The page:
Exploring a Knowledge-focused Trajectory for Researching Environmental Learning in the South African Curriculum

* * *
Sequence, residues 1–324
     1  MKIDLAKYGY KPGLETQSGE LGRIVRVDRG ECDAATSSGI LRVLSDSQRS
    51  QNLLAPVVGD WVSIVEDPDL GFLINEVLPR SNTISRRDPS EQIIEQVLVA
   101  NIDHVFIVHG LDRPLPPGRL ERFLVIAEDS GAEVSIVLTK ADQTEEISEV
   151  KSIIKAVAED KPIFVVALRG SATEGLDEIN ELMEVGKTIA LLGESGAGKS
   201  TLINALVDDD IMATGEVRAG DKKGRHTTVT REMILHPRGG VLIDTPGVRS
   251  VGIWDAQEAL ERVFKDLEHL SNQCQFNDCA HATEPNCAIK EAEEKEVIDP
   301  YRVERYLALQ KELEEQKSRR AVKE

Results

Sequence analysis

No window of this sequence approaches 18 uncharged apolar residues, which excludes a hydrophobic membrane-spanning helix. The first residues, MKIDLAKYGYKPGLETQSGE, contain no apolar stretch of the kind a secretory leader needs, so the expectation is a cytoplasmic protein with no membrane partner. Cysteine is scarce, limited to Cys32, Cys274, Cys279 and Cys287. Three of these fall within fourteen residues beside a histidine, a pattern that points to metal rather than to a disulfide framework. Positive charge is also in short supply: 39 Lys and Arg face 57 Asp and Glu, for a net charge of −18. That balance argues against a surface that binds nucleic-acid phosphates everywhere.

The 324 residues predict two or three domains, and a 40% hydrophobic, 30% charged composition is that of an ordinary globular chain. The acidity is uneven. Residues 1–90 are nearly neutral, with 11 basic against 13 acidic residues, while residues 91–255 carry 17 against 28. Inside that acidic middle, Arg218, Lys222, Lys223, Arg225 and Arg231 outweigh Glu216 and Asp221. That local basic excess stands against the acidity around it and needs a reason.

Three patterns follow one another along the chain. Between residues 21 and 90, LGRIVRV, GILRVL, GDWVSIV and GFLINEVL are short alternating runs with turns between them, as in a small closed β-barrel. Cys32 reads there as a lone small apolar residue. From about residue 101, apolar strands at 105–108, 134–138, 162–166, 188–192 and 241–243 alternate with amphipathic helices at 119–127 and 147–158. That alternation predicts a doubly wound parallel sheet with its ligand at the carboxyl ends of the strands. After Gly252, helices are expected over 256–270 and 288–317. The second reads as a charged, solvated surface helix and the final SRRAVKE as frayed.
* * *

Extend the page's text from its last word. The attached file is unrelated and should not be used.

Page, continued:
AbstractThis paper explores the past twenty years of environmental learning in the South African curriculum in order to consider how one might best research a knowledge focus within the Fundisa for Change national teacher education programme. In exploring this knowledge focus, the paper draws on international literature. It also extensively, but not exclusively, draws on two key publications which informed the 2002 and the 2011 curriculum changes in South Africa. The paper draws on social realist curriculum theory, underpinned by critical realism. This theoretical perspective, which includes Bernstein’s pedagogic device and particularly recontextualisation of knowledge across the pedagogical landscape, provides a language of description for critically reviewing knowledge and environmental learning. In particular, the review develops five perspectives on environmental knowledge as it pertains to curriculum which include:• Perspective #1) new environmental knowledge in the curriculum;• Perspective #2) environmental knowledge in local and global contexts;• Perspective # 3) dynamic knowledge for open-ended and futuristic thinking;• Perspective #4) depth and complexity of environmental knowledge; and• Perspective #5) combining discipline-specific core knowledge and skills with a systems perspective.The paper argues for a re-emphasis and review of new environmental knowledge and learning support materials. It suggests a consideration of context-rich but not context-bound explorations of local and global environmental issues and the need for adopting open-ended and futuristic thinking in the context of the dynamism of environmental knowledge. This involves exploring systems of meaning and structures of knowledge in dealing with the complexity of environmental knowledge and acknowledging the challenges of a transformative ideology within such a complex knowledge system. Additionally the paper argues for creative ways of working across disciplines to develop better understanding of discipline-specific concepts and their potential to contribute to meaningful learning. The paper concludes by suggesting a research trajectory for future environmental education research in the context of the new South African Curriculum and Assessment Policy Statement (CAPS) extending the emphasis in this paper on the official recontextualising field, to fields across the entire pedagogic device.